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Sri Lanka, a country where majoritarian supremacy and impunity have long prevailed, is reiterating long-standing trends


Taylor Dibbert

President Gotabaya Rajapaksa pardoned Sunil Rathnayake in March. Rathnayake is a convicted war criminal who was on death row. He was convicted of killing eight Tamil civilians, including a five-year-old. Releasing him from prison is outrageous and should be condemned in the strongest possible terms.

AFP notes that the murdered “were killed as they returned to their bombed homes to salvage what was left of their belongings and their bodies were found buried in a cesspit near an army camp at Mirusuvil on the Jaffna peninsula.”

The depressing reality is that the Rathnayake pardon isn’t anomalous. It’s not particularly unexpected and there had been rumours this pardon was in the works. What was truly surprising is that Rathnayake actually got convicted in the first place.

The pardon has gotten plenty of criticism amongst Sri Lankan civil society and the international community. Paikiasothy Saravanamuttu, Executive Director of the Colombo-based Centre for Policy Alternatives, tells me that the pardon “is a flagrant affront to accountability and decency — a sharp slap in the face and a deep kick in the gut, begging the question of whether accountability in Sri Lanka can be achieved through domestic processes.”

Jeremy Laurence, a spokesperson for the UN Human Rights Office tells me that “pardoning one of the sole convicted perpetrators of atrocities committed during the Sri Lankan conflict further undermines the limited progress the country has made towards ending impunity for mass human rights abuse.”

“It is an affront to victims and yet another example of the failure of Sri Lanka to fulfil its international human rights obligations to provide meaningful accountability for war crimes, crimes against humanity and other gross violations of human rights,” Laurence further notes. All that being said, the move is probably popular amongst ethnic Sinhalese and leading Sinhalese politicians have not criticised the pardon.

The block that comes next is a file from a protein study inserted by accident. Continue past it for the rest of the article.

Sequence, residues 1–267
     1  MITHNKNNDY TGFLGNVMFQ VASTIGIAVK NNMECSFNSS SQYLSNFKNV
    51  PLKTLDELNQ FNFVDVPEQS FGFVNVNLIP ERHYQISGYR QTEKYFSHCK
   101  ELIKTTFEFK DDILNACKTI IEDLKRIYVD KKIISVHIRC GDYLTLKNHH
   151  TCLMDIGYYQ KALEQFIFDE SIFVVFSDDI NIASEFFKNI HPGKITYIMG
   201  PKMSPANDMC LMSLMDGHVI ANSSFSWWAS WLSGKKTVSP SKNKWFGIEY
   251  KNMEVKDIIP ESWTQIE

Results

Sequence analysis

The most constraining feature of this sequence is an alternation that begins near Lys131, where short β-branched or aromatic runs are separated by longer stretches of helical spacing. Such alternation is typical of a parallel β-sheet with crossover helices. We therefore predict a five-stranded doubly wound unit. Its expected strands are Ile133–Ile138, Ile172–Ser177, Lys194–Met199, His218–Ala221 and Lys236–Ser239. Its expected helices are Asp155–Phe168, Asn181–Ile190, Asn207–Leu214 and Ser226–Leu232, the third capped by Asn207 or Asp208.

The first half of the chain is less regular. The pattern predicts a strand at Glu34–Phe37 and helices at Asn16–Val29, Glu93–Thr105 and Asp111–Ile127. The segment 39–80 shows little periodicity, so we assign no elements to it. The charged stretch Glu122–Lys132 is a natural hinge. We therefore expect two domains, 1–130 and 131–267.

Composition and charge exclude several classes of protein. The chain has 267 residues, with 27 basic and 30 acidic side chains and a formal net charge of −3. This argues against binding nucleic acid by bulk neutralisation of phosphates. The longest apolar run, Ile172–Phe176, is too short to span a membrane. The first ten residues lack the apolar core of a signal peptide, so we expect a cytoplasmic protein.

When the Coalition Government was in power plenty of international actors (wrongly) believed that President Maithripala Sirisena and Prime Minister Ranil Wickremesinghe were truly serious about healing the wounds of war. But we now know that neither Sirisena nor Wickremesinghe had any intention of doing that.

Promises made to the UN Human Rights Council — in the form of co-sponsored resolutions — were crafted purely for international consumption. This was a disingenuous (and successful) attempt to deceive the international community.

Sirisena and Wickremesinghe never made the case for transitional justice; it wasn’t something that either actually believed in. There was no talk of the transitional justice agenda in Sri Lanka, not really anyway. So, the coalition government created an Office on Missing Persons (OMP).

The Coalition Government eventually established an Office for Reparations. These are ostensibly worthwhile endeavours but the OMP lacks teeth and we don’t know if tracing people will be possible. We don’t know what the lasting significance of the Office of Reparations will be either; regardless, just giving money to Tamil civilians won’t begin to heal the island nation’s wounds of war.

The Rajapaksas are poised to rule mercilessly. And, in contradistinction to politicians like Wickremesinghe, they’ll spend less time hiding their true intentions and more time just making things happen, whatever the cost to ordinary people — especially ethnic and religious minorities, including Tamils, Muslims and Christians.

Besides, this pardon still constitutes early days. There’s a forthcoming Parliamentary Election to consider. The vote has been delayed due to coronavirus concerns and is currently fixed for 20 June. Nevertheless, the trendlines are clear and they almost certainly won’t change prior to the election. In fact, this pardon — as disgusting as it is — is probably a smart move in electoral terms. Moreover, there are justified and growing worries about undemocratic moves in the wake of COVID-19.

Sri Lanka, a country where majoritarian supremacy and impunity have long prevailed, is reiterating long-standing trends. And yet, at the same time, the Rajapaksas are savvier and far more confident than the previous administration was. These are dangerous times.

Courtesy:Daily FT